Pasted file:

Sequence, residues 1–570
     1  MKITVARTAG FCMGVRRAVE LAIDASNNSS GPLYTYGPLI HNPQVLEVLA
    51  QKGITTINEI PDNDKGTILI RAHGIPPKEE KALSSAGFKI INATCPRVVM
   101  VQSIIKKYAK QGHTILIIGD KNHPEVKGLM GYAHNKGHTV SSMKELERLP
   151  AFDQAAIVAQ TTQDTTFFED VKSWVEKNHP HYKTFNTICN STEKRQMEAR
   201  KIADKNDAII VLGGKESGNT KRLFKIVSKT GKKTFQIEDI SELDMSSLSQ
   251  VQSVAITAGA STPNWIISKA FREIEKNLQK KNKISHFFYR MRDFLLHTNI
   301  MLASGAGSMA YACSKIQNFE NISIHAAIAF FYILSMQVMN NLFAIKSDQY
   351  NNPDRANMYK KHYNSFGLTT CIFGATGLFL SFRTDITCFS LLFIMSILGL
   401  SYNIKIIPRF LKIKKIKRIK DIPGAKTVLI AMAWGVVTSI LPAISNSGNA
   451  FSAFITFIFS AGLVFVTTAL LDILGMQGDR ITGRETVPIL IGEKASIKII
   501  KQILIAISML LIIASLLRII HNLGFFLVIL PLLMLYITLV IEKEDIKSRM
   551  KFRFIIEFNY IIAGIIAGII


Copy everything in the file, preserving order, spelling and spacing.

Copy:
Sequence, residues 1–570
     1  MKITVARTAG FCMGVRRAVE LAIDASNNSS GPLYTYGPLI HNPQVLEVLA
    51  QKGITTINEI PDNDKGTILI RAHGIPPKEE KALSSAGFKI INATCPRVVM
   101  VQSIIKKYAK QGHTILIIGD KNHPEVKGLM GYAHNKGHTV SSMKELERLP
   151  AFDQAAIVAQ TTQDTTFFED VKSWVEKNHP HYKTFNTICN STEKRQMEAR
   201  KIADKNDAII VLGGKESGNT KRLFKIVSKT GKKTFQIEDI SELDMSSLSQ
   251  VQSVAITAGA STPNWIISKA FREIEKNLQK KNKISHFFYR MRDFLLHTNI
   301  MLASGAGSMA YACSKIQNFE NISIHAAIAF FYILSMQVMN NLFAIKSDQY
   351  NNPDRANMYK KHYNSFGLTT CIFGATGLFL SFRTDITCFS LLFIMSILGL
   401  SYNIKIIPRF LKIKKIKRIK DIPGAKTVLI AMAWGVVTSI LPAISNSGNA
   451  FSAFITFIFS AGLVFVTTAL LDILGMQGDR ITGRETVPIL IGEKASIKII
   501  KQILIAISML LIIASLLRII HNLGFFLVIL PLLMLYITLV IEKEDIKSRM
   551  KFRFIIEFNY IIAGIIAGII